The hat in question was owned by Mrs. Constance Lovestock. Mrs. Lovestock was a woman of some years, even greater means, and no children. She was not a woman who did things by half measures. Take her position on swans. She thought them the most beautiful, graceful creatures in the world. "So graceful," she said, "so elegant." When one approached her large and sumptuous house on the outskirts of Baltimore, one saw shrubbery cut to look like swans. Statues of swans taking flight. Fountains where a mother swan spat water at baby swans. A birdbath in the shape of a swan where lesser birds could have the honor of bathing. And, of course, actual swans gliding across the ponds that encircled the house, and who sometimes waddling, not as gracefully as one might have hoped, past ground-floor windows. "I do nothing," Mrs. Lovestock was proud of saying, "by half measure." And so it was one night near the beginning of December, while sitting before the fire with her husband, Mr. Lovestock--who took a vacation by himself every summer supposedly to collect beetles, but actually to hunt swans at a private reserve in Florida, blasting them at near-point-blank range with a mad grin on his face--so it was that Mrs. Lovestock sat up on the swan-shaped couch where she had been knitting and announced, "Gerald, I am going to adopt some children." Mr. Lovestock took the pipe from his mouth and made a thoughtful sound. He had heard clearly enough what she said. Not "a child." Rather "some children." But long years had taught him the futility of direct confrontation with his wife. He decided it wisest to give up some ground with a combination of ignorance and ?flattery. "Why, my dear, that is a fabulous idea. You'd make a wonderful mother. Yes, let's do adopt a child." Mrs. Lovestock tutted sharply. "Don't toy with me, Gerald. I have no intention of adopting just one child. It'd hardly be worth the effort. I think I shall begin with three." Then she stood, indicating the discussion was over, and strode out of the room. Mr. Lovestock sighed, replacing the pipe in the corner of his mouth and wondering if there was a place he could go in the summer to hunt children. Probably not, he thought, and went back to his paper. *?*?* "This is your last chance." Kate sat across the desk from Miss Crumley. They were in her office in the north tower of the Edgar Allan Poe Home for Hopeless and Incorrigible Orphans. The building had been an armory in centuries past, and in the winter, the wind blew through the walls, rattling the windows and freezing the water in the toilets. Miss Crumley's office was the only room that was heated. Kate hoped whatever she had to say would take a long time. "I'm not joking, young lady." Miss Crumley was a short, lumpish woman with a mound of purplish hair, and as she spoke, she unwrapped a piece of candy from a bowl on her desk. The candy was off-limits to children. On their arrival at the Home, as Miss Crumley was explaining the list of dos and don'ts (mostly don'ts), Michael had helped himself to a peppermint. He'd had to take cold showers for a week afterward. "She hadn't said not to eat them," he complained. "How was I supposed to know?" Miss Crumley popped the candy in her mouth. "After this, I'm done. Finished. If you and your brother and sister don't make yourselves as agreeable as possible so that this lady adopts you, well . . ." She sucked hard on her candy, searching for a suitably terrifying threat. ". . . Well, I just won't be responsible for what happens." "Who is she?" Kate asked. "Who is she?!" Miss Crumley repeated, her eyes widening in disbelief. "I mean, what's she like?" "Who is she? What's she like?" Miss Crumley sucked ?violently, her outrage rising. "This woman--" She stopped. Kate waited. But no words came. Instead, Miss Crumley's face turned bright red. She made a gagging sound. For the briefest of seconds--well, perhaps more like three ?seconds--Kate considered watching Miss Crumley choke. Then she jumped up, ran around, and pounded her on the back. A gooey greenish lump flew out of Miss Crumley's mouth and landed on the desk. She turned to Kate, breathing hard, her face still red. Kate knew better than to expect a thank-you. "She is"--Miss Crumley gasped--"a woman interested in adopting three children. Preferably a family. That is all you need know! Who is she! The nerve! Go find your brother and sister. Have them washed and in their best clothes. The lady will be here in an hour. And if either one of them does anything, so help me . . ." She picked up the candy and popped it back in her mouth. ". . . Well, I just won't be responsible." As Kate descended the narrow spiral stairs from Miss Crumley's office, the air grew colder, and she drew her thin sweater more tightly around herself. Adults seeing Kate for the first time always took note of what a remarkably pretty girl she was, with her dark blond hair and large hazel eyes. But if they looked closer, they saw the furrow of concentration that had taken up residence on her brow, the way her fingernails were bitten to the quick, the weary tension in her limbs, and rather than saying, "Oh, what a pretty girl," they would cluck and murmur, "The poor thing." For to look at Kate, pretty as she was, was to see someone who lived in constant anticipation of life's next blow. Excerpted from The Emerald Atlas by John Stephens All rights reserved by the original copyright owners. Excerpts are provided for display purposes only and may not be reproduced, reprinted or distributed without the written permission of the publisher.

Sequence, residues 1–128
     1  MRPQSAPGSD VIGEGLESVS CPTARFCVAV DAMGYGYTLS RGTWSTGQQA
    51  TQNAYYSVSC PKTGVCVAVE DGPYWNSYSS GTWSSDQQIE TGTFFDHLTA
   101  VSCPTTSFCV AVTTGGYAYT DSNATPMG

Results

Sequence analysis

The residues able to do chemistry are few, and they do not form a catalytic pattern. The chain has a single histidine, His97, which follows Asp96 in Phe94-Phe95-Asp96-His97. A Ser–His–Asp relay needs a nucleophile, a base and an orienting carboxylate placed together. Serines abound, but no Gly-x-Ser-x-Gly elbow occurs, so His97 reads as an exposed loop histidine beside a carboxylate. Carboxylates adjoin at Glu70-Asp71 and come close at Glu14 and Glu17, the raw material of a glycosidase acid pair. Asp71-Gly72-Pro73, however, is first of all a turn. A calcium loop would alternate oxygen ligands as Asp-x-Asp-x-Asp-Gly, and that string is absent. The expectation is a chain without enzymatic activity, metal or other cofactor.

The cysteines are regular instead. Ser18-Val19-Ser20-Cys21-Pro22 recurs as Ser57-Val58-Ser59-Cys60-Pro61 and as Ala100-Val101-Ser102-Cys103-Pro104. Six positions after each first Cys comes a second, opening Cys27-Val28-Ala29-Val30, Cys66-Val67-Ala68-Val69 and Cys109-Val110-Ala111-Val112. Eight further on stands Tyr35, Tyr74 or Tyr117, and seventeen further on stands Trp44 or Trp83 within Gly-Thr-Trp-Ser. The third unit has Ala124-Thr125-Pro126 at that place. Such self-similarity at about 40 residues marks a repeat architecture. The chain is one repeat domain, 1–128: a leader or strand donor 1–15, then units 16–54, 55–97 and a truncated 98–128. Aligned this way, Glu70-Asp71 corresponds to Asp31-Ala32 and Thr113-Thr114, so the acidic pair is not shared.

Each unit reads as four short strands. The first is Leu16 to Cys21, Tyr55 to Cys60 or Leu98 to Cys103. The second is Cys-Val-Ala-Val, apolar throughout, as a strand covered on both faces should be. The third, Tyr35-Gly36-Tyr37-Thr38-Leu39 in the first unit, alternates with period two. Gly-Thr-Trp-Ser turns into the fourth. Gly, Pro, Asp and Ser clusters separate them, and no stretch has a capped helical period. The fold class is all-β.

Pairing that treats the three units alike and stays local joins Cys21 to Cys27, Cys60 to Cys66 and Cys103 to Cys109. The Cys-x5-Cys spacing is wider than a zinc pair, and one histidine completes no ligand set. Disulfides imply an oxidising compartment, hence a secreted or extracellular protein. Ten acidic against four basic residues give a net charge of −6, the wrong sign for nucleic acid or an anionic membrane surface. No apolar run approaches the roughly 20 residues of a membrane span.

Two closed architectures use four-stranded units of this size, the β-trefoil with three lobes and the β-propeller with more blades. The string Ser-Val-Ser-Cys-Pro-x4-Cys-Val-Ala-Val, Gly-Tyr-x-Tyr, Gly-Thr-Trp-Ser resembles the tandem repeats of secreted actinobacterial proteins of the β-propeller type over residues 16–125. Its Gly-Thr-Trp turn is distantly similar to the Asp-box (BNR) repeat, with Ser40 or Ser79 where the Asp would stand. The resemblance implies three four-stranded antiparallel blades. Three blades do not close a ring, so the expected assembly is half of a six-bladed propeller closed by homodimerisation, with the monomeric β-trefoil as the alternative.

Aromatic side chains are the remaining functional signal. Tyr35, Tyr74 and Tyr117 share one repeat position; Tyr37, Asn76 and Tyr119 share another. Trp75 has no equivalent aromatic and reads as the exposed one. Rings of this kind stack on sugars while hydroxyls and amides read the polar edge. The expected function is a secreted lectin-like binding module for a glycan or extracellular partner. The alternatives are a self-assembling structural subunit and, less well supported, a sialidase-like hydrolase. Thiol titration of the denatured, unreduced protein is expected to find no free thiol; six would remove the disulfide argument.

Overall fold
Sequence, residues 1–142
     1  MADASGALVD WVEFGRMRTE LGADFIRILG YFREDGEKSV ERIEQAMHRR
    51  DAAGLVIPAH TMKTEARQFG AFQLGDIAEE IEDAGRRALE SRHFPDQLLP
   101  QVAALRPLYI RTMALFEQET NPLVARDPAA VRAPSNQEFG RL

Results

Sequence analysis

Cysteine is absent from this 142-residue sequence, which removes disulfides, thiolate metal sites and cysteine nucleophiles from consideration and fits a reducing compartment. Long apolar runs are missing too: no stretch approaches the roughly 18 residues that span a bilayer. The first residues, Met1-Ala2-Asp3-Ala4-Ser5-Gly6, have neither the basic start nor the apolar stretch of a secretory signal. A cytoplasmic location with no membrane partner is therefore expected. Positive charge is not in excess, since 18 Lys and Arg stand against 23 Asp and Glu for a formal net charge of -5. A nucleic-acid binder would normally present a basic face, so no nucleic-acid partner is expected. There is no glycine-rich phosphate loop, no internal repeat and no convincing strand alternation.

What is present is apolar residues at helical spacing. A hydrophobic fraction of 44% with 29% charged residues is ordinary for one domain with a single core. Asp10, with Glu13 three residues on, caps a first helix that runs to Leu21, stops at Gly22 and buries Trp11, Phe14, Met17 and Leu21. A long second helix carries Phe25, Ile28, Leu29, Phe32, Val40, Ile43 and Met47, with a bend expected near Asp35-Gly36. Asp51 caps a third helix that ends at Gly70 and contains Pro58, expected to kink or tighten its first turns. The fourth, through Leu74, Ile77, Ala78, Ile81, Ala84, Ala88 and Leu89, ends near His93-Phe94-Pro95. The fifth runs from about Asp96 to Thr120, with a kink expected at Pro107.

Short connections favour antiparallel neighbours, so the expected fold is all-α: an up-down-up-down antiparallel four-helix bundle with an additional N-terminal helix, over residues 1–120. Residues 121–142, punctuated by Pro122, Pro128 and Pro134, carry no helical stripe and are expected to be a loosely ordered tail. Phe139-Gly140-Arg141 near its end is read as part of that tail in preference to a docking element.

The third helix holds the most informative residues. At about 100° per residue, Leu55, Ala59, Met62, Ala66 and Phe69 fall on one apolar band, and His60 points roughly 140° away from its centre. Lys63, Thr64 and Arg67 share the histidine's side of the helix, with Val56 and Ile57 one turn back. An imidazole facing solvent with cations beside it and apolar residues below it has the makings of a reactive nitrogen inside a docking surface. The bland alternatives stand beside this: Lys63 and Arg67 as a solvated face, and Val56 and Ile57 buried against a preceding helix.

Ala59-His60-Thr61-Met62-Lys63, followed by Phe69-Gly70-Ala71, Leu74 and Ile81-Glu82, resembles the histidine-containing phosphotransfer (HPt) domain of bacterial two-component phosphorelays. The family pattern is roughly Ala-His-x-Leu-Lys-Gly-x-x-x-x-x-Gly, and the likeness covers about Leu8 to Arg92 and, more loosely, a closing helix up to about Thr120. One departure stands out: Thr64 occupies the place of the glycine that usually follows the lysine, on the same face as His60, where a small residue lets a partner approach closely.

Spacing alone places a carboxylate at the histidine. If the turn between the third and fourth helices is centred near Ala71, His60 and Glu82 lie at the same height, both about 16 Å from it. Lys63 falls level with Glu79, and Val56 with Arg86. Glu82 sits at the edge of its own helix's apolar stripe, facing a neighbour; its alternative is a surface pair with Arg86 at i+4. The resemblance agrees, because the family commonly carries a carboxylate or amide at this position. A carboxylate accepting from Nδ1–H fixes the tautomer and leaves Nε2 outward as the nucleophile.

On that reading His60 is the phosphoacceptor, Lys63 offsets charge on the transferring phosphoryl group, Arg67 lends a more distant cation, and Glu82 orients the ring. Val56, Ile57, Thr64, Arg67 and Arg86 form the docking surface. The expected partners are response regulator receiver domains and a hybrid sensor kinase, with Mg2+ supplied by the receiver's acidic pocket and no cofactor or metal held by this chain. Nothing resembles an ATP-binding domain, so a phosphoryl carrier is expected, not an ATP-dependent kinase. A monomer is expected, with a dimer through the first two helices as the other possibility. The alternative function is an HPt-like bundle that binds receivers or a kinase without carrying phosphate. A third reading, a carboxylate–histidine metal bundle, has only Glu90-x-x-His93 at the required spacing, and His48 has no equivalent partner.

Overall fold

Reviews provided by Syndetics